Healthcare Technology Featured Article

July 05, 2012

The Tech Fix: The Future's Drug of Choice

Society is all too familiar with addiction. In fact, since Adam and Eve took the plunge, addiction has reared its ugly head into millions of people’s lives. While our perception of addiction often conjures up images of ill-clothed bodies with, spaced-out, unkempt faces slumped in urban street alleys, today’s picture of an addict might surprise you.

For example, in 2011 a “seemingly” innocent Vietnamese teenage boy murdered a seven-year old girl in order to fund his online gaming addiction. Shocking? While this example may seem extreme, addiction to technology, specifically video games and online gaming, is in fact real. Take former Indianapolis Colts player Quinn Pitcock. The defensive lineman retired before the start of training camp in 2008, due to a gaming addiction. His “drug of choice”- Call of Duty. Pincock spent up to 18 hours a day playing the popular game, sometimes sleeping less than five hours a night.

"I would break the games, try to get rid of them," Pincock said, "but I couldn't stop. I'd say, 'Quinn, what are you doing?' Physically, I could not put down a video game."

Whether it’s your chatty friend that can’t put down their iPhone, or even yourself searching for ways to “get your tech fix”, people’s obsession with technology not only hurts them socially, but physically as well. There’s even a name for it, dubbed Internet Addiction Disorder, or IAD.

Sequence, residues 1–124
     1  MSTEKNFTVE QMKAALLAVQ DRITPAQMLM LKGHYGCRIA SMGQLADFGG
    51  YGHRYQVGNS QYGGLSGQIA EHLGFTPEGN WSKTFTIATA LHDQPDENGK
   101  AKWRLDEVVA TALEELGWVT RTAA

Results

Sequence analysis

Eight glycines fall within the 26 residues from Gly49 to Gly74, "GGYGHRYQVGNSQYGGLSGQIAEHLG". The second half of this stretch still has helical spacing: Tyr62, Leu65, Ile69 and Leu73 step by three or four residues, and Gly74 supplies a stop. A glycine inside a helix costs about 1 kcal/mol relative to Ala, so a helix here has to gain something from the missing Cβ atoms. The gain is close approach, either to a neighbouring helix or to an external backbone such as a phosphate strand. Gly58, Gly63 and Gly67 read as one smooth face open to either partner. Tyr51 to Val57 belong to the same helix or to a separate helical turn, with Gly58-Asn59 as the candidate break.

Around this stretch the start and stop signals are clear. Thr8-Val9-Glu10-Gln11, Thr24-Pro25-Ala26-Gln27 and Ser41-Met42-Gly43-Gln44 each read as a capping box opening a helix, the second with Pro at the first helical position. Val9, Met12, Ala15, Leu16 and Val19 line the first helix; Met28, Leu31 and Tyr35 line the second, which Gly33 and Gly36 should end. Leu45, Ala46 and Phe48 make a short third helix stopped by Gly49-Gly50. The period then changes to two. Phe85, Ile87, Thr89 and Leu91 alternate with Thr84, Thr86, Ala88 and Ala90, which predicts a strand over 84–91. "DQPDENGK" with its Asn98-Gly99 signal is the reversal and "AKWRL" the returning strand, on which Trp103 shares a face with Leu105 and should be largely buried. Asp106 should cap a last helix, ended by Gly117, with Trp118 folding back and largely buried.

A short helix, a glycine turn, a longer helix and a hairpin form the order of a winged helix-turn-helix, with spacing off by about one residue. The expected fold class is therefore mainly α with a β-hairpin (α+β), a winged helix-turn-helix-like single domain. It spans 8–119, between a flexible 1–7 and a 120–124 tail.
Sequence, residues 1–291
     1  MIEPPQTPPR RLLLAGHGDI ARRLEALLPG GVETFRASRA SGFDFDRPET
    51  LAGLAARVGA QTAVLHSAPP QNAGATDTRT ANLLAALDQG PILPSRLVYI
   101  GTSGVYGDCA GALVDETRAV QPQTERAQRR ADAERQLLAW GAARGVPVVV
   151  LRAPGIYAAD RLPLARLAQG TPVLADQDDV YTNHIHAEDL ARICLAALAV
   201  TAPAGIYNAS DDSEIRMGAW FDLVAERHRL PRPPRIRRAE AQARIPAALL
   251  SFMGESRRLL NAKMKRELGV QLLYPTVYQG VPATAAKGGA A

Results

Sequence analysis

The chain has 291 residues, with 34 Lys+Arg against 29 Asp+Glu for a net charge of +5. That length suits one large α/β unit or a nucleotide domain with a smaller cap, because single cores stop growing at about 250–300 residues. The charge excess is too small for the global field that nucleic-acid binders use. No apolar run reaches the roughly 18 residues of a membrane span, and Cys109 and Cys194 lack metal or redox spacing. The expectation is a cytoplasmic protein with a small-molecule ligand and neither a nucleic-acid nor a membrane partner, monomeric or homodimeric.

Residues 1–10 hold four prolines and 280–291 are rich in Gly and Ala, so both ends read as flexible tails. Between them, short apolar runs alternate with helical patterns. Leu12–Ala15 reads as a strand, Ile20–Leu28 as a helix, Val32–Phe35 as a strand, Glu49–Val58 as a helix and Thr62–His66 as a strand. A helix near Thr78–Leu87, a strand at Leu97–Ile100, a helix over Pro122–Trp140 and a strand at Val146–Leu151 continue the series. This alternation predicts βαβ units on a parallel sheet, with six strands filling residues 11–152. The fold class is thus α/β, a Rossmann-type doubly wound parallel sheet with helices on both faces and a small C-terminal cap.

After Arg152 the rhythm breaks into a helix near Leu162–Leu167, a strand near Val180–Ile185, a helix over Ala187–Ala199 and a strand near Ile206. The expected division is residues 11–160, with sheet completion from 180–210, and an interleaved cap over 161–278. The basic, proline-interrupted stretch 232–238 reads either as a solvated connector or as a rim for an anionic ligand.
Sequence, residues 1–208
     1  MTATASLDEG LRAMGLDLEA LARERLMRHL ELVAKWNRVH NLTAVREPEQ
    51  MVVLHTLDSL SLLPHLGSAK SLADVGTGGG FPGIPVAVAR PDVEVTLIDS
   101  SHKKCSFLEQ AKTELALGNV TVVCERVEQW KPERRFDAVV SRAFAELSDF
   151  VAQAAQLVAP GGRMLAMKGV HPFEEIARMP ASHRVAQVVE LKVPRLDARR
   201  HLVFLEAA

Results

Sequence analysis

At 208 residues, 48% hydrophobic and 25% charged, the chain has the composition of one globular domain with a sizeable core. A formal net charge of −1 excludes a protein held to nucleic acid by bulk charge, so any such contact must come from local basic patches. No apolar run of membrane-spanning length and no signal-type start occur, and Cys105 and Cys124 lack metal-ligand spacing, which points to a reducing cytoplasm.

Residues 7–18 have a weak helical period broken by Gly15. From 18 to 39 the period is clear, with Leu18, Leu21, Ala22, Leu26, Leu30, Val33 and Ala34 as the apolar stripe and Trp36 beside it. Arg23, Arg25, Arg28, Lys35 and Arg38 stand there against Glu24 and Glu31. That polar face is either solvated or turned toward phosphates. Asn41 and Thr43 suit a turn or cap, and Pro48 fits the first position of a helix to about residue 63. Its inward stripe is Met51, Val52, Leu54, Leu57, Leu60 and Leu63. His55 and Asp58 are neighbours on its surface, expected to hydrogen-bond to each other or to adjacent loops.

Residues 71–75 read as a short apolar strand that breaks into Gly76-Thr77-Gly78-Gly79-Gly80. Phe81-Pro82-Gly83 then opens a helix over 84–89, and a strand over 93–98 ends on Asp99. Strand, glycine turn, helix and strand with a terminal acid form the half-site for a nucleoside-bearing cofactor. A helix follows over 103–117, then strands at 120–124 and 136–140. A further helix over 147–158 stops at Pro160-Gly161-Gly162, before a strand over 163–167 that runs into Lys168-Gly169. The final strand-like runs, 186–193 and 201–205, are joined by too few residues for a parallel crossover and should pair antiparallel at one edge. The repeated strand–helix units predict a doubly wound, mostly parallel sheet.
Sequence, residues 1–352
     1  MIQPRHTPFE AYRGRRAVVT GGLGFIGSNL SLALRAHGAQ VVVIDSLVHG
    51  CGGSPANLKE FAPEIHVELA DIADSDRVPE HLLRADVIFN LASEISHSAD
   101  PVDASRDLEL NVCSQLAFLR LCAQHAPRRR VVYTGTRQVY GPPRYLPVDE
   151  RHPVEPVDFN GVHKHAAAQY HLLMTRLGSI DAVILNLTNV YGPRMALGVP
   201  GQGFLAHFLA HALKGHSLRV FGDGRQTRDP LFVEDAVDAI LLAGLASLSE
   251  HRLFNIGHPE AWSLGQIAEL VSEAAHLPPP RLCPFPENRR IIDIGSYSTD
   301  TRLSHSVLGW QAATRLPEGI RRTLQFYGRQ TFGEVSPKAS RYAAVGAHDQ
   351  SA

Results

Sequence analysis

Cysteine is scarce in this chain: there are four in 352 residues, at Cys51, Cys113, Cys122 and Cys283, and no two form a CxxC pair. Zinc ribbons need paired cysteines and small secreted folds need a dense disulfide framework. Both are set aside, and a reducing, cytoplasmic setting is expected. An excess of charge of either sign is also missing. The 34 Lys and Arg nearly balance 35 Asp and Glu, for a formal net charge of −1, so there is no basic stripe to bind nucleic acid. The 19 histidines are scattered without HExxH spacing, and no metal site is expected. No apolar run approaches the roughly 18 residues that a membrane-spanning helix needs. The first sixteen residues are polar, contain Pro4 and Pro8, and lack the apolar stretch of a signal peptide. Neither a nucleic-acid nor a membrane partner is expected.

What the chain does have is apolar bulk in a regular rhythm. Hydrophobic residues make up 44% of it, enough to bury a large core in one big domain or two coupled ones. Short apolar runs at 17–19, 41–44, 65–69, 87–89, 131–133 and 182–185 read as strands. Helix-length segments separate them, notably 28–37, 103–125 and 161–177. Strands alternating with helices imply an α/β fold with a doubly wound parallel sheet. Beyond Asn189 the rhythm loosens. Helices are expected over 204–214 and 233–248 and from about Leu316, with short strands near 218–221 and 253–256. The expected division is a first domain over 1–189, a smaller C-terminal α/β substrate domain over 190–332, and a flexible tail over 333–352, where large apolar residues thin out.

A recent Chinese study, comparing the brain scans of Internet-addicted adolescents and non-addicted individuals, found that the scans of “addicted” teens showed large amounts of damage to white matter in the brain. Researchers stated that the amount of damage found within the brains of these teens was similar to damage found in heavy substance abusers. Similar effects have been seen in the brains of people who abuse alcohol, cocaine and methamphetamines.

While people may not be panhandling iPods or tablets on street corners, research has found that when denied access to the Internet, cell phones, or computers, Internet addicts can experience withdrawal symptoms such as tremors, obsessive thoughts and involuntary movements- symptoms that are similar to drug and alcohol addicts.

While it may seem implausible to most, the addiction to technology is a serious struggle for some. Blame Apple all you want folks, but the best advice I’ve been told is “everything in moderation”, and this includes technology. Put down the gaming counsel, smartphone, or tablet and have a real, meaningful experience with friends or family - it’s good for your health!

Edited by Brooke Neuman

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